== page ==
ELLEN: Yeah, that community support is super inspiring. Well Abbi, thank you again so much for sharing a few minutes. For those of you watching this Q&A and others like it, make sure to visit Wild’s Cooperative of PA to find more information. That’s at WildsCoPA.org. You can also find information on how to get more support for small businesses in the Wilds there, if you want to share your story. So Abbi thanks again!

Ellen Matis

Ellen Matis

Founder + Community Connector, Hello Social Co.

Ellen Matis is the owner of social media agency Hello Social Co., based in Bellefonte, Pa.  Matis created Hello Social Co. in 2017 to pursue her passion for helping small businesses grow using their online presence. Since then, her agency has worked with companies large and small across the nation. When she’s not in the office, you can usually find her hiking and camping in one of Pennsylvania’s state parks or trying a new craft brew.


Ellen Matis of Hello Social Co. interviewing Abbi Peters of PA Wilds Center for Entrepreneurship

Abbi Peters

Abbi Peters

EVP Creative Commerce, PA Wilds Center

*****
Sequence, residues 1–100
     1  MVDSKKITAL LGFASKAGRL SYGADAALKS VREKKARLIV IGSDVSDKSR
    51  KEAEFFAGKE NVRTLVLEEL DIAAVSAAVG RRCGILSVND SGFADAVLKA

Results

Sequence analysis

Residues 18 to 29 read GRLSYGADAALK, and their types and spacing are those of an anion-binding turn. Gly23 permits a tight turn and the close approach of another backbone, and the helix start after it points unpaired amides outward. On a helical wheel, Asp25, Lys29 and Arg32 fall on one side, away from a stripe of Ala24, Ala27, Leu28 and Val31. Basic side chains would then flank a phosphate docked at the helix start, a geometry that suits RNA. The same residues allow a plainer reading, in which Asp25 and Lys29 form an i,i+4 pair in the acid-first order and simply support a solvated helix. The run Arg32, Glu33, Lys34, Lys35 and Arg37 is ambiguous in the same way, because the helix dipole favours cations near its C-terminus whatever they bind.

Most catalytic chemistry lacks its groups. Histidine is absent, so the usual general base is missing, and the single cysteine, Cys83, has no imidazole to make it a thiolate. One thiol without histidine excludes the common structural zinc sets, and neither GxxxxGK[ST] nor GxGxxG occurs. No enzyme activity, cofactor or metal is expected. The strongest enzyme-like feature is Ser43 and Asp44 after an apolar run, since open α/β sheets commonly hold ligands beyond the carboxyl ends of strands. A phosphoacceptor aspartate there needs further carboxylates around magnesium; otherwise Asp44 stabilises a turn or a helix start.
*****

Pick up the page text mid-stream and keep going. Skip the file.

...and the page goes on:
Peters brings 15+ years experience working in both private and non-profit creative sectors. Throughout her career, Peters has demonstrated her commitment to and passion for the arts, valuing the role that the creative industry plays with respect to economic development in rural communities across Appalachia. Appreciating the impact creative industries and placemaking have on rural economies, Abbi is especially eager to put her experiences to work in her local community as an elected official.

Has your business pivoted?

 The Wild Are Working: Rural Entrepreneurship in Uncharted Times series offers opportunities for small business owners and organizations to share how they are pivoting to survive the coronavirus crisis. Through 5-10 minute live interviews, participating entrepreneurs help cross-pollinate ideas and provide insights on how people can support small businesses amid COVID-19.

Learn more about how your business can get involved here.